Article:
Defense

Hershman critical of CMO cut in NDAA

 		U.S. Department of Defense Acting Chief Management Officer Lisa Hershman delivers remarks at the inaugural DOD Gears of Government Awards, at the Pentagon, Washington, D.C., May 1, 2019. (DoD photo by Lisa Ferdinando) 

Congress eliminated the position of the chief management officer in the 2021 defense policy bill passed into law over the president's veto last week. But the outgoing CMO, Lisa Hershman, said the move raises concerns for the Defense Department going forward.

"We succeeded despite the fact that we never had a charter, we never had funding for this and were still able to put five times the amount of savings in under three years that others couldn't achieve in 10," Hershman said in a Jan. 3 interview on the Government Matters public affairs program. "They just stopped paying attention to the trajectory and the validated results."

The CMO, positioned as the third ranking official at DOD, has boasted $37 billion in savings across the department, including the services and defense support agencies, since its inception in 2018, but was also a topic of congressional debate.

The Government Accountability Office reported in November that lack of consistent leadership could stymie DOD's reform efforts, while also noting the lack of defined roles and responsibilities, inconsistent definitions of what constitutes reform, and difficulties exercising authority over the military services and defense agencies.

Hershman said she's focused on closing out her tenure with $6.2 billion in reform savings for fiscal year 2022 without significant budget cuts before leaving office later this month, but worries a dispersed structure could impede and disrupt ongoing reform efforts with the dissolution of the office and reassignment of duties slated to take place over the next year and the future structure in flux with an incoming administration.

"I am deeply concerned about the construct that has been put forward primarily because it has proven to have failed in the past. A lesser role with lesser authority had a run for 10 years and could only produce about $7 billion across those 10 years," Hershman said.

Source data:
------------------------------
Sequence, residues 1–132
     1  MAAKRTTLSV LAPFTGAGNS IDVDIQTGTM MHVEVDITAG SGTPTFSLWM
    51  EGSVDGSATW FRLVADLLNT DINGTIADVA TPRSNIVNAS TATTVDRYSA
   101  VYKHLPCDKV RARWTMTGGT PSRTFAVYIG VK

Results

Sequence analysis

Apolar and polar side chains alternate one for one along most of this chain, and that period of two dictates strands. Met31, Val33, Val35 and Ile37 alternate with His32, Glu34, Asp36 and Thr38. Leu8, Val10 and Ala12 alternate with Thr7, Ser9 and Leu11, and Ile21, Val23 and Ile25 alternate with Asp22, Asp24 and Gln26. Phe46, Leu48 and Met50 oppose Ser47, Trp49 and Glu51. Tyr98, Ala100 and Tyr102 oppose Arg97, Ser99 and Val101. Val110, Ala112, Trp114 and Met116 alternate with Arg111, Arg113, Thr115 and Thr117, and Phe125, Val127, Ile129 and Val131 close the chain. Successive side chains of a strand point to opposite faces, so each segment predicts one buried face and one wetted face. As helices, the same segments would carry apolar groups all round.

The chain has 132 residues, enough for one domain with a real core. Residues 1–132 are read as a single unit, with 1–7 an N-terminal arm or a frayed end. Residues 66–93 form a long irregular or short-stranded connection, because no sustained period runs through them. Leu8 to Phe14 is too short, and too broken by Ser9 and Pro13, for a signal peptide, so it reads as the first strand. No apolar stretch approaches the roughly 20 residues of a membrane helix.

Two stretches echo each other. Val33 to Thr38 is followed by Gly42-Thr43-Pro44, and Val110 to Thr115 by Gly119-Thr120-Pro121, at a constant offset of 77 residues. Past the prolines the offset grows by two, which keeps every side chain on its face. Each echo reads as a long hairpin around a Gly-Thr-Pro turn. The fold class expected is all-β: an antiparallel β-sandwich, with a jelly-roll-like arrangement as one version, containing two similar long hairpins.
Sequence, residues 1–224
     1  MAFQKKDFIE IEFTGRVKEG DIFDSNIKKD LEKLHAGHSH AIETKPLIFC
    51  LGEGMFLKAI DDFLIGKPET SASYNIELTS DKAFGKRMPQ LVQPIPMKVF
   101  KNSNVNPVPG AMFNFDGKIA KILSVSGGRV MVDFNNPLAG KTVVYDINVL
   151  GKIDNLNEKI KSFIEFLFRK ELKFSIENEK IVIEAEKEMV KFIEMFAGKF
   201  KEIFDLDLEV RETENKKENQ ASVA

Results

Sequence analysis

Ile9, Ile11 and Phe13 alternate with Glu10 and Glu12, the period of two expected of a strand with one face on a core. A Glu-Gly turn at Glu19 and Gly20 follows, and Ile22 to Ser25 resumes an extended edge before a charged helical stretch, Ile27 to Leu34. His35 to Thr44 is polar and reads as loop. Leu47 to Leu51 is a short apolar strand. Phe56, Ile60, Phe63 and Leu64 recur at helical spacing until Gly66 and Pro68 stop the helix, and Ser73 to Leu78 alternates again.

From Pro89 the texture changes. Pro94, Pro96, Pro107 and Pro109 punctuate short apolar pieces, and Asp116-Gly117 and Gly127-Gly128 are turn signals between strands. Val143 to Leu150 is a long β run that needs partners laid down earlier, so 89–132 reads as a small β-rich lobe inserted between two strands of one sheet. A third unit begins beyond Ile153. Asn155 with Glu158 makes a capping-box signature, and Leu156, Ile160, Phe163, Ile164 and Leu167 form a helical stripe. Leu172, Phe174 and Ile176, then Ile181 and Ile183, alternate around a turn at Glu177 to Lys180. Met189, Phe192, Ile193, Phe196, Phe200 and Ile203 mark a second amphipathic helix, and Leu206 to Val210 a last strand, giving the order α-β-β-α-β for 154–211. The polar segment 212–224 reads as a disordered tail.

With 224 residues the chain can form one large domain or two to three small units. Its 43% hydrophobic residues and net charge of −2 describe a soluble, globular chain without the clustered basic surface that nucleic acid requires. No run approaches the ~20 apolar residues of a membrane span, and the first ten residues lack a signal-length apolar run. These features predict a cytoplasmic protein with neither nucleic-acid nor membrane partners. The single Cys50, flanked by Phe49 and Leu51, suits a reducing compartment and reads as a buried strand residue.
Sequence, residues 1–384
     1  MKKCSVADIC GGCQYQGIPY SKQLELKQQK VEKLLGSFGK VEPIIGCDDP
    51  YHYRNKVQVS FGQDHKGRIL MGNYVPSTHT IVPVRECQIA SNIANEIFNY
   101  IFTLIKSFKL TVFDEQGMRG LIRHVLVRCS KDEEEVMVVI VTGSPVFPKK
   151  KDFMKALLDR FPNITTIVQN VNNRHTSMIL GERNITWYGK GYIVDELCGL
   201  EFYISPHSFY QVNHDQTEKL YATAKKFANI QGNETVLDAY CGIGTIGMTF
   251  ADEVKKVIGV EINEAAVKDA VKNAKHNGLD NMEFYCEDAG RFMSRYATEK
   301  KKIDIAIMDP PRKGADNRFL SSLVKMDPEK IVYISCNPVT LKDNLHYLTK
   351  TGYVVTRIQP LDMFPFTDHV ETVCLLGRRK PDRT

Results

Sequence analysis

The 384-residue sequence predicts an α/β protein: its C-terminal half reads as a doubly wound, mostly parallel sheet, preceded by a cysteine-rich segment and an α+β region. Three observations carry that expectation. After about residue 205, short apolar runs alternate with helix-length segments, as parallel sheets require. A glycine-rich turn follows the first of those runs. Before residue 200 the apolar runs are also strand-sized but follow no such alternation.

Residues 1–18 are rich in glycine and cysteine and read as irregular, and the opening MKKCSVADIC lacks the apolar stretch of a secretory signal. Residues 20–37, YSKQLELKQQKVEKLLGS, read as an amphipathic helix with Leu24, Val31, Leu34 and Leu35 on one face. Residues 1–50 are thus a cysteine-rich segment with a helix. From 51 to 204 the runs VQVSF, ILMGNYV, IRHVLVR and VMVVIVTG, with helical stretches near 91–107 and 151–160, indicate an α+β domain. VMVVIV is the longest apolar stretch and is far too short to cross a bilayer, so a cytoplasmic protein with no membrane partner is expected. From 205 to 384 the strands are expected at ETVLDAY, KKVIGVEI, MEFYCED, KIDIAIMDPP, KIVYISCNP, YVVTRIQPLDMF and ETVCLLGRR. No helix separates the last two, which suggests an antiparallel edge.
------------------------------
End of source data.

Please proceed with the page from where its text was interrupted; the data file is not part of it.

Hershman said the office's success was due to taking private sector expertise and that widespread reform can't be done without having the authority of being at least third in line behind the defense secretary.

"Look reform is hard and you have to make some tough decisions and if you don't have the authority behind it, it's not going to happen," Hershman said.

Hershman said there's an opportunity to do that to keep the authority, but call it something different, such as having two deputy defense secretaries with one focusing on operations and reforms.

"There is this divide or this gap between what's expected and yet what's put in place," she said.

About the Author

Lauren C. Williams is senior editor for FCW and Defense Systems, covering defense and cybersecurity.

Prior to joining FCW, Williams was the tech reporter for ThinkProgress, where she covered everything from internet culture to national security issues. In past positions, Williams covered health care, politics and crime for various publications, including The Seattle Times.

Williams graduated with a master's in journalism from the University of Maryland, College Park and a bachelor's in dietetics from the University of Delaware. She can be contacted at [email protected], or follow her on Twitter @lalaurenista.

Click here for previous articles by Wiliams.


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